From Wikipedia, the free encyclopedia
Jump to: navigation, search
Paiśācī Prakrit
Region North India
Era Perhaps from 5th century BCE; most texts 3rd–10th centuries CE[1]
Language codes
ISO 639-3 None (mis)
Linguist list
Glottolog pais1238[2]

Paiśācī is a largely unattested literary language of the middle kingdoms of India mentioned in Prakrit and Sanskrit grammars of antiquity. It is found grouped with the Prakrit languages, with which it shares some linguistic familiarities, but is not considered a spoken Prakrit by the grammarians because it was purely a literary language, but also due to its archaicism.[3]


The etymology of the name suggests that it is spoken by piśācas, "ghouls". In works of Sanskrit poetics such as Daṇḍin's Kavyadarsha, it is also known by the name of Bhūtabhāṣa, an epithet which can be interpreted either as a "dead language" (i.e. with no surviving speakers), or as "a language spoken by the dead" (i.e. ghouls or ghosts), the former interpretation being more realistic and the latter being the more fanciful. Evidence which lends support to the former interpretation is that literature in Paiśācī is fragmentary and extremely rare but may have been once common. There is no known complete work in this language, however certain scholars specializing in Indology like Sten Konow,[3] Felix Lacôte[4] & Alfred Master[5] have attempted to explain that Paiśācī was the ancient name for Pāli, the language of the Pāli Canon of Theravada Buddhism.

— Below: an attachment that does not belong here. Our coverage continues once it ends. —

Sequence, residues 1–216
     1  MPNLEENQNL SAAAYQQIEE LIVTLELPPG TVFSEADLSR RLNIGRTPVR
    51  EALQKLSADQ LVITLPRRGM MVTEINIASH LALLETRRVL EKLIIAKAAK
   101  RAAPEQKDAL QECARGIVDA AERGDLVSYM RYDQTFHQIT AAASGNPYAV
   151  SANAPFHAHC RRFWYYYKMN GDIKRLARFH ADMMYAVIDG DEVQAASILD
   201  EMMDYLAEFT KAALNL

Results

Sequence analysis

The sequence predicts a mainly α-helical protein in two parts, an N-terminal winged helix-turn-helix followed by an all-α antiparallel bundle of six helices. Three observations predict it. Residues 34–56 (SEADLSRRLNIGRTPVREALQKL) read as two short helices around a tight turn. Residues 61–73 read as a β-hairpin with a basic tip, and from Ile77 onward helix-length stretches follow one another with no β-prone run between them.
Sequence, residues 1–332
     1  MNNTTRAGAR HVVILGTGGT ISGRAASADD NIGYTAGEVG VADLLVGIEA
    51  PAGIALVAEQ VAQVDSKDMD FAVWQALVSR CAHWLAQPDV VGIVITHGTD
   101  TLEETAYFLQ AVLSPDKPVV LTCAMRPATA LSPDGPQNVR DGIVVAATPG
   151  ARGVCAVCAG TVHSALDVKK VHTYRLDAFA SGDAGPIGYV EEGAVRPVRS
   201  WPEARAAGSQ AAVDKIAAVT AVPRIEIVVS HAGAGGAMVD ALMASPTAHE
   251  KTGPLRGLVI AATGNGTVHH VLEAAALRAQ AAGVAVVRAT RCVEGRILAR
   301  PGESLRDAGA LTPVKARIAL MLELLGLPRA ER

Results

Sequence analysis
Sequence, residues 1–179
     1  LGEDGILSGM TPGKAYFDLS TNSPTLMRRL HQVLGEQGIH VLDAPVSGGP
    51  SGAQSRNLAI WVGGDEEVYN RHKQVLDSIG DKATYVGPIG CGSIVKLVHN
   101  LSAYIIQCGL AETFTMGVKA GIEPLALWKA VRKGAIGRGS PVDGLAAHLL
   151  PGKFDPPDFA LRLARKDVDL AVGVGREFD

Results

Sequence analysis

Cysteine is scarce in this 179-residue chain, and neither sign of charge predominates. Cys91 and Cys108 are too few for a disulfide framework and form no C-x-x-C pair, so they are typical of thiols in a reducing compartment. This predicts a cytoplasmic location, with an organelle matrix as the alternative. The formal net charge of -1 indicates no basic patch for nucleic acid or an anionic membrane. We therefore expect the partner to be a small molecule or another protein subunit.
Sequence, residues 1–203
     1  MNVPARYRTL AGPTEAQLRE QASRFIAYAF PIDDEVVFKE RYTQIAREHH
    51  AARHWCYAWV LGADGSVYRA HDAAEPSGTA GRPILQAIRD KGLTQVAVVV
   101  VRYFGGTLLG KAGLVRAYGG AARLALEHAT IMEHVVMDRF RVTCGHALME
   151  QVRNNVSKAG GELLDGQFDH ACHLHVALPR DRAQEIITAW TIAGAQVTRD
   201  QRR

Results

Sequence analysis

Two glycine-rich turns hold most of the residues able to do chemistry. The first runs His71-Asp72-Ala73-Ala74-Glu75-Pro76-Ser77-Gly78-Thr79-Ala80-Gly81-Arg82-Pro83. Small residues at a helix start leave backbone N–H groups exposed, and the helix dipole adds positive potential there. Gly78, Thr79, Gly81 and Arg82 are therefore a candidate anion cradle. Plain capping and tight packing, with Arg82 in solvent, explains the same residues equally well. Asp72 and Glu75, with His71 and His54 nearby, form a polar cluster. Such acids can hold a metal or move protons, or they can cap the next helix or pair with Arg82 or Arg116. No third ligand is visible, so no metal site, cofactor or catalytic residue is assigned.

The 13th-century Tibetan historian Buton Rinchen Drub wrote that the early Buddhist schools were separated by choice of sacred language: the Mahāsāṃghikas used Prākrit, the Sarvāstivādins used Sanskrit, the Sthaviravādins used Paiśācī, and the Saṃmitīya used Apabhraṃśa.[6]


The most widely known work, although lost, attributed to be in Paiśācī is the Bṛhatkathā (literally "Big Story"), a large collection of stories in verse, attributed to Gunadhya. It is known of through its adaptations in Sanskrit as the Kathasaritsagara in the 11th century by Somadeva, and also from the Bṛhatkathā by Kshemendra. Both Somadeva and Kshemendra were from Kashmir where the Bṛhatkathā was said to be popular.[citation needed]

Talking of its existence, Pollock writes:[7]:92

Linguists have identified this as everything from an eastern Middle-Indic dialect close to Pali to a Munda language of inhabitants of the Vindhya Mountains […] In fact there is little reason to bother to choose […] Paishachi is the joker in the deck of South Asian discourses on language, having an exclusively legendary status, since it is associated with a single lost text, the Bṛhatkathā (The Great Tale), which seems to have existed less as an actual text than as a conceptual category signifying the Volksgeist, the Great Repository of Folk Narratives […] In any event, aside from this legendary work (which "survives" only in one Jain Maharashtri and several Sanskrit embodiments), Paishachi is irrelevant to the actual literary history of South Asia.

See also[edit]